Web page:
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Broadcom's a Buy Now That It's Cutting Its Ties to Wireless

NEW YORK (TheStreet) -- After almost two years of underperformance, Broadcom (BRCM) stock received a much-needed boost Monday, surging as much as 16% after management announced that it was pursuing strategic alternatives for its struggling cellular baseband/wireless business.

After just missing a new 52-week high during the session at $36.05, shares eventually settled down, closing Monday at $34.84, up 9.32%. Broadcom stock is up nearly 18% for the year to date.

Even though the term "strategic alternatives" is commonly used by management to imply intent to sell a struggling asset, the market cheered the news. For Broadcom, which was falling further behind market leader Qualcomm (QCOM), it was a matter of "when" not "if" it would dispose of the baseband business.

While Broadcom has always had the advantage of chip placement within devices from both Apple (AAPL) and Samsung (SSNLF), the company has suffered amid high-end device saturation and low average selling prices. This has caused to meaningful drop in profits over the past three years.

Management has tried to offset the declines with some key moves, including its $164 million acquisition last year of LTE-related assets from affiliates of Renesas Electronics Corporation. Broadcom was looking to strengthen its position in the LTE (long-term evolution) standard and command better/more adoption in mobile devices. But it hasn't worked.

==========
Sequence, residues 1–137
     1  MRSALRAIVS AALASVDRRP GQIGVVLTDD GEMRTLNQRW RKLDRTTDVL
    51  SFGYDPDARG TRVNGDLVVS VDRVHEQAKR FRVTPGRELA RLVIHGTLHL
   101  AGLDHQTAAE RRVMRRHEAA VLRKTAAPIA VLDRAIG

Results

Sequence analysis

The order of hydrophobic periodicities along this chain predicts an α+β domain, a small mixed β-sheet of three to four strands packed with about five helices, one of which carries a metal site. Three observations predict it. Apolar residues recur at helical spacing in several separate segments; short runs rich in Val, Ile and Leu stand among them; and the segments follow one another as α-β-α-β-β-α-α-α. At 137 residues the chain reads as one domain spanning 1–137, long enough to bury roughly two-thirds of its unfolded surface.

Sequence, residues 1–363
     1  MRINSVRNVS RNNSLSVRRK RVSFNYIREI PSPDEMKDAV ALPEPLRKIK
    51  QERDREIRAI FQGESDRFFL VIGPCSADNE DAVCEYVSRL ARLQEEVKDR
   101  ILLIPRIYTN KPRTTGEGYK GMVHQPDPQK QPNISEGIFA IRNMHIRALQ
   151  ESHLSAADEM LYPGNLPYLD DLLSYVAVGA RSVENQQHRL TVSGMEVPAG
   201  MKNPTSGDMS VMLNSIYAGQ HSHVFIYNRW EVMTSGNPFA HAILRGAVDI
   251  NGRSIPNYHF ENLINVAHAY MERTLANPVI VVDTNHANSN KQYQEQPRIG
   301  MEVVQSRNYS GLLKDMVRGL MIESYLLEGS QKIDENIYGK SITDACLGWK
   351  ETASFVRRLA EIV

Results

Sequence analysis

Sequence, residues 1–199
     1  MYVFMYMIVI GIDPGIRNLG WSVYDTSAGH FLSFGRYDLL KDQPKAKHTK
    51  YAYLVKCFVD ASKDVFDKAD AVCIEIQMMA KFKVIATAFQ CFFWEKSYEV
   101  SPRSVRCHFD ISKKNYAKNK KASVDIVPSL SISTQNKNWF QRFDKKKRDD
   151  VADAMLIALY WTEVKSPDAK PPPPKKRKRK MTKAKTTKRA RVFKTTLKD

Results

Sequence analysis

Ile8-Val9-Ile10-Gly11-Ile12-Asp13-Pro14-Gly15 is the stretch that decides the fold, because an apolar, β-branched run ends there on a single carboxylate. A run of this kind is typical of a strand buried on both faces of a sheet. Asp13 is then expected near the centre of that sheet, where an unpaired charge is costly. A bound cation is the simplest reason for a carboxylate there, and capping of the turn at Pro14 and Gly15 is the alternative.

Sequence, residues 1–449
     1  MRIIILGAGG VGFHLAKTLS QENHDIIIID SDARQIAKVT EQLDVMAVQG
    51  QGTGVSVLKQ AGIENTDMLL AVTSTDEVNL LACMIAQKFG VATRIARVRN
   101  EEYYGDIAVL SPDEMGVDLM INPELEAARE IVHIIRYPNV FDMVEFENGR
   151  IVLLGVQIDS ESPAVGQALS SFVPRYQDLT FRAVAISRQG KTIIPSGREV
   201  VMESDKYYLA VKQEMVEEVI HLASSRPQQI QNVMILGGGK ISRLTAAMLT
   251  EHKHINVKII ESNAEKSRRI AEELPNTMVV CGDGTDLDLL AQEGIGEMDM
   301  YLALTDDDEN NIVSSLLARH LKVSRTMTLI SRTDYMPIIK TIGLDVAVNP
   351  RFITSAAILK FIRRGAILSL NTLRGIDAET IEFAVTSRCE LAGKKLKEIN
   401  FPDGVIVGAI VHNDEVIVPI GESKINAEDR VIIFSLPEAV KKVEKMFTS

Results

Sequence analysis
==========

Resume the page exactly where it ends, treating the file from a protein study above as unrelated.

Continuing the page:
In the most recent quarter, Broadcom's baseband business posted a $32 million operating loss. It no longer made sense for the company to invest roughly one-fifth of its operating expenses to pursue a business segment that was not pulling its weight. Not to mention, Qualcomm's market share was widening, while smaller players like Avago Technologies (AVGO) are gaining steam.

All told, Broadcom has come to its senses. There are still questions, however. First and foremost, what options will be presented to management once the alternatives have been explored?There's also the question of who's going to buy the baseband business, and at what price.

Regardless of the outcome, it's clear the company no longer sees the value in the business. There is more value in closing up shop. Management says it can save as much as $700 million in annual operating expenses, or roughly 20% of total expenses. Of that total, management plans to reinvest $50 million to grow the rest of the business.

This is great news for investors. This means that $650 million will be left over to be used for things to grow shareholder value, including buybacks and dividends. Some will suggest Broadcom is effectively admitting defeat by conceding this market to Qualcomm. But there was significantly more risk in throwing good money after bad.

With the stock now trading at around $35, Broadcom's fair value should approach $40 per share on the basis of long-term earnings per share growth, which should be achieved by the $700 annual savings.

At the time of publication, the author was long AAPL.

This article represents the opinion of a contributor and not necessarily that of TheStreet or its editorial staff.

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